I saw Charlie and the Chocolate Factory on Tuesday morning, and it took me this long to work out whether I liked it or not. In the end, the verdict is not in favour of the film. Which is surprising, as I only heard good things from people I know... which is... suspicious...
The movie was, without a doubt, fun and stylish and perfectly cast. I found myself laughing aloud on several occasions, and I loved the cartoonish style of the set and characters - especially Wonka - although at times I found the whole thing overwhelming.
What let down this movie for me was the mismatch between the story of the book (and the earlier film) and the new material injected into this version. While the new material certainly worked well, I think the charm and meaning of the original was lost. This film is about Wonka and Charlie, and about the worth of family; the original was about the five children and the chocolate factory, about bad children being punished in bizarre ways and good children being rewarded with amazing things.
Yet while the new film becomes less patronising and offers a more complex picture of the world, at the same time (oddly enough) it becomes more of a cartoon full of caricatures. How does it make sense to make the film more mature in content and less in delivery? Perhaps it gets the message across better to children, but it made the film horribly distracting for me.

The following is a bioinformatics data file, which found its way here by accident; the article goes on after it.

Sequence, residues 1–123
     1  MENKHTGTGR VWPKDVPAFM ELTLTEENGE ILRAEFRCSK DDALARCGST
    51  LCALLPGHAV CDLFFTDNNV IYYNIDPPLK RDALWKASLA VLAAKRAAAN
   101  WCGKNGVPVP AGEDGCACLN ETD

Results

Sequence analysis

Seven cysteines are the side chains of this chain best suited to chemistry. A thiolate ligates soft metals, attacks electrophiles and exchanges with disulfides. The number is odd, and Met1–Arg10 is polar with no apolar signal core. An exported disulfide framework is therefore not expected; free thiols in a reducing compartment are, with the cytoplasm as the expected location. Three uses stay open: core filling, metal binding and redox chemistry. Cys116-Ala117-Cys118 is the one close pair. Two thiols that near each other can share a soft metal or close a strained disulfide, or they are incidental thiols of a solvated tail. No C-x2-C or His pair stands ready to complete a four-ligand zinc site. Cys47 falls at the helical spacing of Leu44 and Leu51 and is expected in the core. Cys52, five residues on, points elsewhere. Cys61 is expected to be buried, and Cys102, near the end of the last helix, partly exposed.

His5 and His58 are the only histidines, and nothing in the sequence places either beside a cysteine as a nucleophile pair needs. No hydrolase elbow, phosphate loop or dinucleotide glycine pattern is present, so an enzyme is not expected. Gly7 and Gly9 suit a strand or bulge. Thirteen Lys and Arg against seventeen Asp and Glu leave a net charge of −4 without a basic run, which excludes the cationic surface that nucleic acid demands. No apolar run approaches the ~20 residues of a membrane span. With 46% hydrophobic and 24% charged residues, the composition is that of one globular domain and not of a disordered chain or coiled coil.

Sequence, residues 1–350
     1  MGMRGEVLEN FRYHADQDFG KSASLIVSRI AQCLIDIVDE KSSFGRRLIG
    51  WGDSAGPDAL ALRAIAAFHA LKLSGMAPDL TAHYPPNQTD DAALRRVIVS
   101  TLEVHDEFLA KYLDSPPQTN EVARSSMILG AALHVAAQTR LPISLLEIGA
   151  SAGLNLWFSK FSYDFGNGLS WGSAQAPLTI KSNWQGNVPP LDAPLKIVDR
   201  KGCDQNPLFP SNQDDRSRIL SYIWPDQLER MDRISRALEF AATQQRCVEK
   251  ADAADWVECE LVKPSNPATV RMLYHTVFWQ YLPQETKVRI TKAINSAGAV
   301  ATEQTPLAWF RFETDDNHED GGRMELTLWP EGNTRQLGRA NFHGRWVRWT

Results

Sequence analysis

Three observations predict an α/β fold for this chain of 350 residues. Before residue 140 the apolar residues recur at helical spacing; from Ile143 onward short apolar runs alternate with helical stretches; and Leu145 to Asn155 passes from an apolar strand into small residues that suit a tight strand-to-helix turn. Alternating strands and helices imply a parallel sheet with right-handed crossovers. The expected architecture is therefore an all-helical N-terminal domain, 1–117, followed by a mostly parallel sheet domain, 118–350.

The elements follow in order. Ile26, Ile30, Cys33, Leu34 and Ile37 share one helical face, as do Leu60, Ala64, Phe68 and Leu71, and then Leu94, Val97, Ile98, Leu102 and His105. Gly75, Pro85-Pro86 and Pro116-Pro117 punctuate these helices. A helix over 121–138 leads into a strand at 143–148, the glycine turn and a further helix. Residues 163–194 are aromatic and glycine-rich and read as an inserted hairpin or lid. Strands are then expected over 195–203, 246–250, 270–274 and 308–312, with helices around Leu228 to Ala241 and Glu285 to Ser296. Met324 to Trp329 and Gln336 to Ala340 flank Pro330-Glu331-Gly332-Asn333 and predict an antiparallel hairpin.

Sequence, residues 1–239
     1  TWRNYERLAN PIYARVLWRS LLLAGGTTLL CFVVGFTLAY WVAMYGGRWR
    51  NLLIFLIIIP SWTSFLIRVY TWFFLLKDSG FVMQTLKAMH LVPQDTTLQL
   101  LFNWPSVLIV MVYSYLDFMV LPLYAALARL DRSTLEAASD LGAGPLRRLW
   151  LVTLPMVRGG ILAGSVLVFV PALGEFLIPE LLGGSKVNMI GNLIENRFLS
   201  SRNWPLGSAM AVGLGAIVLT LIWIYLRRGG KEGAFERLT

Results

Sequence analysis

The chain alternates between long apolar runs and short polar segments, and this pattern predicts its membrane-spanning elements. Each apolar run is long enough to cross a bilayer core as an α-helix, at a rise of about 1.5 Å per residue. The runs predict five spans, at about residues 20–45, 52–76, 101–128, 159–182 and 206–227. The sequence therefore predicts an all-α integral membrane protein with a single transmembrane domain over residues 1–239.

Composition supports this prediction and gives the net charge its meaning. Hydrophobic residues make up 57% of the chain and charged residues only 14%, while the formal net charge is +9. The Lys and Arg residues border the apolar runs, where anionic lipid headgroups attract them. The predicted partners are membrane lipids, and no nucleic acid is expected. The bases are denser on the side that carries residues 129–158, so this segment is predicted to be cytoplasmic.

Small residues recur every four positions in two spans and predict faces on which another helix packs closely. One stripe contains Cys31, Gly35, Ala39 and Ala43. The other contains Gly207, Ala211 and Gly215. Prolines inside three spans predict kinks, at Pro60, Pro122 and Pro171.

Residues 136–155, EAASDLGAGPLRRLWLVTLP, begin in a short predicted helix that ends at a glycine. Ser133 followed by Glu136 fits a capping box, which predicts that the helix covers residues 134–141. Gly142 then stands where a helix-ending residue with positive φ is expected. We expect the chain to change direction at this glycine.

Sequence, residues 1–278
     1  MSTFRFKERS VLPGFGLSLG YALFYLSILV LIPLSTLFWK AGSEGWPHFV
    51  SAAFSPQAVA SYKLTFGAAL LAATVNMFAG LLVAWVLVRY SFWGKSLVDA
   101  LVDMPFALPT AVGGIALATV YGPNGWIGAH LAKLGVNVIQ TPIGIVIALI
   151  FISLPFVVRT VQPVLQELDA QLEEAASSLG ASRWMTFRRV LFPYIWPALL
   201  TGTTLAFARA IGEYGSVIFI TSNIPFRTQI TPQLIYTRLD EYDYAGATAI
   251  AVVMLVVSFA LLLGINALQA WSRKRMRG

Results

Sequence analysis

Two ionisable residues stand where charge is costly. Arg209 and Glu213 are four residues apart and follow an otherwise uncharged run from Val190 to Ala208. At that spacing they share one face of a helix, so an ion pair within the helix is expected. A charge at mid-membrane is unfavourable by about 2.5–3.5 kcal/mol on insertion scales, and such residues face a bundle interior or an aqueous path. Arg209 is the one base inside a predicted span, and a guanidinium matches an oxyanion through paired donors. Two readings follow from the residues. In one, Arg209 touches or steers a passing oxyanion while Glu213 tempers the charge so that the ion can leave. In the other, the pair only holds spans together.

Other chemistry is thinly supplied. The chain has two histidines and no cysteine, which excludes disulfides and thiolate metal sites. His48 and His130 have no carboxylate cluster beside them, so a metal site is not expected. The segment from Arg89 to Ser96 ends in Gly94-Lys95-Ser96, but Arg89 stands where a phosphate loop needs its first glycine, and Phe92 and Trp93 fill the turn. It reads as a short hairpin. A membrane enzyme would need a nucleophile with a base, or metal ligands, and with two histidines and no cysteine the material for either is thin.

In addition, the new themes all but obliterate the old ones. The horrible children and their self-induced fates are still there, but are no longer important. The four kids are not nearly annoying enough. Beyond their first introduction and cartoon-like appearance, they don't do a whole lot to make us dislike them. In fact, they barely talk. Where's the fun in seeing them get what's coming to them if they haven't provoked it? I still recall the song of Veruca Salt in the first movie:
"I want a party with roomfuls of laughter
Ten thousand tonnes of ice-cream
And if I don't get what I'm after
I'm going to scream!"
- Now that's a brat! :)
But back in 2005, not only does the lack of malice and greed and impatience in the kids detract from their own characters, but the less bratty they are, the less we cheer Charlie on. And isn't he the main character of the story?
Perhaps not. Perhaps the true child protagonist is Wonka. He certainly seems to fit the bill. But although this younger, crazier, socially inept version of Wonka is certainly more amusing, I miss the slightly scarred but benevolent genius who sees the world as a joke. He is the magician, the illusionist, the entertainer. This new Wonka seems like a selfish child.
Overall, while this story has the glitz and the glamour down pat, I think it has sacrificed its intelligence.